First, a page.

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good expert or bad? The answer lies in the prep

19 June 2018

As those who are experienced in handling social care claims will know, parties are often heavily or even wholly reliant upon the claimant’s word alone in assessing the impact that abuse has had upon a claimant. The difficulty this brings is that events often occurred many years ago. Accurately describing the impact of abuse upon one’s own life sometimes decades after the event can be an almost impossible task in itself. Add in the additional stresses of life and distressing events such as relationship breakdowns, illnesses or bereavements and that accurate picture becomes ever more blurred.

The impact of time upon memory and recall has been summarised in research by Sabbagh (2009), Schachter (2007) and Fernyhough (2013). The fallacy of memory over time means that information given can be distorted or even creative. This is not related to the honesty, integrity, intelligence or level of education of an individual but rather is a natural response to the passage of time.

In light of this, it is important that recollections are tested for reliability and accuracy against other sources of information. In many cases this will be an individual’s medical or social services records. The recent case of Ruffell v Lovatt is a cautionary tale for experts who fail to properly read the papers provided to them and one which experts and those who instruct them should be aware.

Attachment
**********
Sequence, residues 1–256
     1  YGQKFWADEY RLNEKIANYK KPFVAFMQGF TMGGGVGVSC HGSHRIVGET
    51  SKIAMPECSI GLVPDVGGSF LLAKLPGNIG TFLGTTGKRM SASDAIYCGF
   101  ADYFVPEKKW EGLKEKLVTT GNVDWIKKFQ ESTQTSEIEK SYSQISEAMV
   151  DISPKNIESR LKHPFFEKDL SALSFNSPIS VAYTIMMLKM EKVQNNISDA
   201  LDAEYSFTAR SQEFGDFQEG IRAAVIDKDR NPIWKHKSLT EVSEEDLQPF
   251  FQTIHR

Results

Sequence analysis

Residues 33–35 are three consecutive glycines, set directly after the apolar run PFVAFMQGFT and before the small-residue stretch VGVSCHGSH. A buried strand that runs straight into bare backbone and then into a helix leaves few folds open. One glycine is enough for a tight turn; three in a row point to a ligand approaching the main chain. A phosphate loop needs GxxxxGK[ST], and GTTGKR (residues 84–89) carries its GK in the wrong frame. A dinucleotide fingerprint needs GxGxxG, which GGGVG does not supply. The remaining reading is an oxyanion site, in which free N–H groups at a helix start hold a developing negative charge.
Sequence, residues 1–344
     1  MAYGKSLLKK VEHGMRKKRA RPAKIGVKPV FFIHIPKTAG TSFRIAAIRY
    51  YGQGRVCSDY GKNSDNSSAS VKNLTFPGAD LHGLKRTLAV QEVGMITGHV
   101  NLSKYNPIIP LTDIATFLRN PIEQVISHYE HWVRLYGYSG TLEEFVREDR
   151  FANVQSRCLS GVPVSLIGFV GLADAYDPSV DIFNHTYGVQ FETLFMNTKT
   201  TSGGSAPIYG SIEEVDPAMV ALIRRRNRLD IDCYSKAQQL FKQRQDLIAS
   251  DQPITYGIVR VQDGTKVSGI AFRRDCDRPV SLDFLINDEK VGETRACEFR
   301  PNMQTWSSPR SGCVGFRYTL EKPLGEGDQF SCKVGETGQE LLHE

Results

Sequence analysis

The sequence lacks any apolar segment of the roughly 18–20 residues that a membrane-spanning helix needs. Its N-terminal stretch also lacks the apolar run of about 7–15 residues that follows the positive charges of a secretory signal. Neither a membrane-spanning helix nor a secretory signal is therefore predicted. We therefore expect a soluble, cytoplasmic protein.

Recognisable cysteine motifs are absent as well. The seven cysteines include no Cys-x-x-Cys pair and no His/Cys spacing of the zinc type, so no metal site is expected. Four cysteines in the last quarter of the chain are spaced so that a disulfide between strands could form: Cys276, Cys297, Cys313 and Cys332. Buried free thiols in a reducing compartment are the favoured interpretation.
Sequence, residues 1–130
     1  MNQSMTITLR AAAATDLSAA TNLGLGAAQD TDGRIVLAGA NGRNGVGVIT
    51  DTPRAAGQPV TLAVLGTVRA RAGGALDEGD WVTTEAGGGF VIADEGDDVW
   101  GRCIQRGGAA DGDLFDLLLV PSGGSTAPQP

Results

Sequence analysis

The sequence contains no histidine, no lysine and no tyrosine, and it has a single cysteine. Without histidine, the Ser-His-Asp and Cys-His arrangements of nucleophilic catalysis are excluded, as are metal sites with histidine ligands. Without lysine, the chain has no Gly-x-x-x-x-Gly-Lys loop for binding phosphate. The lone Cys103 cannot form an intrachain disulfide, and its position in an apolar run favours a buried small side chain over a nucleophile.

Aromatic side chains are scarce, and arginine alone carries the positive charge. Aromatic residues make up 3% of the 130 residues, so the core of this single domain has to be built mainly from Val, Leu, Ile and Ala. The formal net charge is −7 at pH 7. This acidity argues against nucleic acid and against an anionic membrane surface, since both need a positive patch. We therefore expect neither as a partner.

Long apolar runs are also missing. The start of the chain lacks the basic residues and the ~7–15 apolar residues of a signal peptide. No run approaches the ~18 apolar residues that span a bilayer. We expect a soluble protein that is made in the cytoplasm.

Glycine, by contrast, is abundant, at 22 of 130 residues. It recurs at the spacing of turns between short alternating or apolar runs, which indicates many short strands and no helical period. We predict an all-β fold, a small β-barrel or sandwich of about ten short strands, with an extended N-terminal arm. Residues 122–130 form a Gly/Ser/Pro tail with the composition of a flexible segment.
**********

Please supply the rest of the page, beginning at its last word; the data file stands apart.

The facts

The claimant sustained injury in a road traffic accident in January 2012. She was a passenger in a car driven by her then boyfriend. He unexplainably lost control of the vehicle, left the road and collided with a tree. Liability was admitted and the case went to trial on the extent and causation of her injuries and quantum. The claimant valued the claim in excess of £1.6 million, alleging she now suffered from complex regional pain syndrome as a result of the accident. She relied on medical evidence from a variety of experts including a care expert, a pain expert, a psychiatrist and a housing expert, all of whom gave evidence at trial. The judge was unconvinced by much of the evidence, mainly because the claimant was shown to be an unreliable historian who lacked credibility. It was however Dr Jenner, the claimant’s pain expert, whose evidence attracted the judge’s wrath.

The trial

Dr Jenner explained that in his view, neuropathic pain was organic in origin, being pain caused by damage or disease of the somatosensory nervous system. He suggested the claimant displayed evidence of neuropathic pain affecting her right lower limb (CRPS). He suggested a useful definition of pain was “pain is whatever the patient says it is” and concluded the claimant suffered from chronic musculo-skeletal pain and CRPS as a direct result of the accident. Absent the accident, he suggested the claimant would not have had mobility difficulties, would have been capable of work and would have had a relatively normal level of functional ability. He considered the claimant to be a reliable historian and accepted that save for a previous history of neck and back pain she was otherwise fit and well prior to the accident.

The judgment